The city of Harbin in northeast China is famously home to the biggest ice sculpture festival in the world. Founded in 1897, Harbin is also one of China's newest cities and much of its Russian-style architecture dates from then. Harbin appeals to all ages, and there are lots of good reasons to plan a visit.
Harbin Ice Lantern Art Fair (December-January) attracts visitors from around the globe. However, you can see illuminated ice sculptures all year round at Sun Island Park.
Visit the Manchurian tigers and other big cats at Siberian Tiger Park; you can buy strips of meat to feed them by hand.
See the breathtaking Russian buildings on Zhongyang Dajie and the nearby St. Sophia Orthodox cathedral.
Try any of the Russian restaurants along Zhongyang Dajie for Russian food with an Eastern twist.
Harbin nightclubs mean low-priced drinks, floorshows, and lots of fun. Be sure to visit the Russky vodka ice bar that pops up each year if you're visiting in winter.
Harbin's most beautiful construction and the heart of its Orthodox Christian community, Saint Sophia is a reminder of the city's past, as it passed from Russian to Chinese control. The church is a stunning example of Orthodox architecture in the central Daoli neighborhood, which was built by the Russians as a fitting end point for their Trans-Siberian Railway. Easily the biggest Orthodox church east of the Urals, it stands 53 meters tall and is crowned with a Byzantine green dome, cutting quite a dash in the heart of town. A heartening museum on the site also documents Harbin's multicultural heritage.
In keeping with the city's theme of multiculturalism, visitors shouldn't miss Harbin's impressive synagogue during their stay. Far eastern Judaism may be little known, but it certainly played a role in the Jewish past, as this synagogue demonstrates. Built in 1921 by Russian Jews, it was well restored in the early 2000s, and now takes its place among the city's religious attractions. An engaging museum upstairs tells you everything you need to know about how it all came about.
Also known as "Central Street", Zhongyang dajie stretches for around a mile in the center of town (unsurprisingly), and it's a real stunner. Built in a self-consciously "Russian" style, which appears very unusual after visiting other Chinese cities, it's a veritable open-air art gallery, thanks to its endless stream of beautiful storefronts and private residences. There are upscale eateries along the way, so it's a great place to make a pit stop, while highlights include the elegant Jiaoyu bookstore, and the Art Nouveau Mod-Er Hotel.
Also dubbed the "Temple of Bliss", Jile is the center of Harbin's Buddhist community, and well worth seeing. The largest temple complex of its kind in north-eastern China, the site is crammed with attractive statues of Buddhist saints, such as Sakyamuni, and centers around a graceful seven-tiered pagoda, which is the nexus for the working religious duties of the monks who live there. But don't worry. They are happy to receive visitors - and thousands arrive every week to see the architecture and pay their respects (and alms, if you're feeling generous).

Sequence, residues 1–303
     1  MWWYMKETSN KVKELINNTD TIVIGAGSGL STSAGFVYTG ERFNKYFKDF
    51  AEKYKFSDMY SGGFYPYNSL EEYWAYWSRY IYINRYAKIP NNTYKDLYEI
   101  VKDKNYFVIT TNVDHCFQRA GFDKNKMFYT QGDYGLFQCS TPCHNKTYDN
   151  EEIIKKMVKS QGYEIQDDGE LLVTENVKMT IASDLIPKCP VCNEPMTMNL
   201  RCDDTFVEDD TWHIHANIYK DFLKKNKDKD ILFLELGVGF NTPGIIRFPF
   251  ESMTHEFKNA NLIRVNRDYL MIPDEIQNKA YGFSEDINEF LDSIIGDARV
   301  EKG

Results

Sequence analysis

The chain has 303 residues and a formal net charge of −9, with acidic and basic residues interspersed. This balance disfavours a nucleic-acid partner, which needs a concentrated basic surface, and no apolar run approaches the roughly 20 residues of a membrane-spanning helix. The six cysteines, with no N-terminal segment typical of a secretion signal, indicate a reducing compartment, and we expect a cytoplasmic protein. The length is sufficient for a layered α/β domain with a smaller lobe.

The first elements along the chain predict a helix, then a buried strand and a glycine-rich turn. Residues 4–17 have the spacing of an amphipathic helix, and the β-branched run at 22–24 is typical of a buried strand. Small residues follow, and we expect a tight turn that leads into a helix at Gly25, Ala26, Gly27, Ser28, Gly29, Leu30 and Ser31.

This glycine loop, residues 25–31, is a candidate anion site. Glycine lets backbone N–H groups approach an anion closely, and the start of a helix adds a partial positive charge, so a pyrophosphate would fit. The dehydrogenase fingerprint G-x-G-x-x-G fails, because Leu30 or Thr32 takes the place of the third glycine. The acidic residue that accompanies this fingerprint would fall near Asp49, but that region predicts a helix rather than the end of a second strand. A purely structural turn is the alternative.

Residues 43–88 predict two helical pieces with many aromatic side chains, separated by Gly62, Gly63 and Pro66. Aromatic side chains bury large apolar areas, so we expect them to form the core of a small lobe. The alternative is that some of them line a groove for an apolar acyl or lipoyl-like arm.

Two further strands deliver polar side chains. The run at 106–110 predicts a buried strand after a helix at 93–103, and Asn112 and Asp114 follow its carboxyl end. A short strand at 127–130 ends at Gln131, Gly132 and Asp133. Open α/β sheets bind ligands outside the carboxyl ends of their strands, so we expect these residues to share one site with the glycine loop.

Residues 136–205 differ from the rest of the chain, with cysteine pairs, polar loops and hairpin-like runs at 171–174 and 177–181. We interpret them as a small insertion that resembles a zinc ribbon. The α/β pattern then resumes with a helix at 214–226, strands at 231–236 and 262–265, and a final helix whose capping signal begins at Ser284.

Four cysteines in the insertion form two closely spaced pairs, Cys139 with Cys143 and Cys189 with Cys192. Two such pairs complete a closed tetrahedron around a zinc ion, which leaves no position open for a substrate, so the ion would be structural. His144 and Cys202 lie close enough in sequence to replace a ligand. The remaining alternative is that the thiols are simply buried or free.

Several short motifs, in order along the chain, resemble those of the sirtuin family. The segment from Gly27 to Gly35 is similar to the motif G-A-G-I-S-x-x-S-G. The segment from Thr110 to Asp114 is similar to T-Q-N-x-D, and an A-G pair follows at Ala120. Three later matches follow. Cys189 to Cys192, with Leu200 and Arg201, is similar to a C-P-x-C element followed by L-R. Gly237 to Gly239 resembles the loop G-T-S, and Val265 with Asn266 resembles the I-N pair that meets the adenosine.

Harbin's undisputed entertainment hub, Sun Island's name is a little deceptive. As the city has very cold winters, and pretty warm summers, it would be better called Sun and Ice Island - and offers plenty to do, whatever the weather. In the winter, it becomes Polarland, and hosts a world famous ice festival, complete with fabulous works of art and amusement park-style rides. In the summer, the amusements continue, but the rest of Sun Island is achingly scenic, with its Flower Garden and Deer Park sure to win the hearts of all who visit.
Visit from December to January for the ice sculpture festival or plan a vacation in August for the Harbin International Beer Festival. Harbin is China's most northerly large city, and daytime temperatures of 10.4 degrees are average for January. Be sure to pack warm clothing.
Fly from Los Angeles to Harbin Taiping International Airport (HRB), or catch a connecting flight from airports in Russia or Japan. The airport is 21 miles from the city center and taxis cost ¥100-120.
There are regular trains from many Chinese cities. Take a taxi from outside Harbin Railway Station to your destination in town.
Harbin is easy to reach by road, and drivers can take the China Highway 102 via Changchun.
Reach Harbin by bus from Jilin or Beijing, or take the daily service from Vladivostok in Russia. Changtu Keyun Zhan terminus is opposite the rail station.
Book a stay in mid-range hotels like Hotel Ibis Harbin or Modern Hotel Harbin, or choose the upmarket Shangri-La Hotel for elegant rooms, a river view, and pool.
Daoli - you'll find the Cathedral of St. Sophia, now home to the Harbin Museum of Architecture, in this central district.
Sun Island - head to the Sun Island area for the Ice Lantern Festival and the Siberian Tiger Park.
Old Quarter - this Songhua River neighborhood is noted for its Baroque and Byzantine-style Russian architecture.
Over 100 bus routes offer visitors a convenient way to get around Harbin. Ticket prices are between ¥1-2.
Taxis are also cheap and plentiful. Be sure to check that your driver switches on the meter at the start of your journey. A 5-mile trip runs between ¥30-40.
Rent a car with a Chinese driver from ¥600-1,000 per day and see this vast city at your leisure.
Shop in Zhongyang Dajie, the city's main shopping area, or explore Russian night markets and huge department stores like Lane Crawford, Parksons, and Euro Plaza at Guogeli Dajie.
Local supermarkets include Carrefour, Trust-Mart, and Metro. Expect to pay ¥11 for a quart of milk and ¥13 for a dozen eggs.
Visit the popular LaoChang ChunBing in Zhongyang Dajie for Chinese cuisine. Lunch in a basic restaurant is ¥44, while upmarket restaurants charge ¥450 for dinner for two with dessert and wine.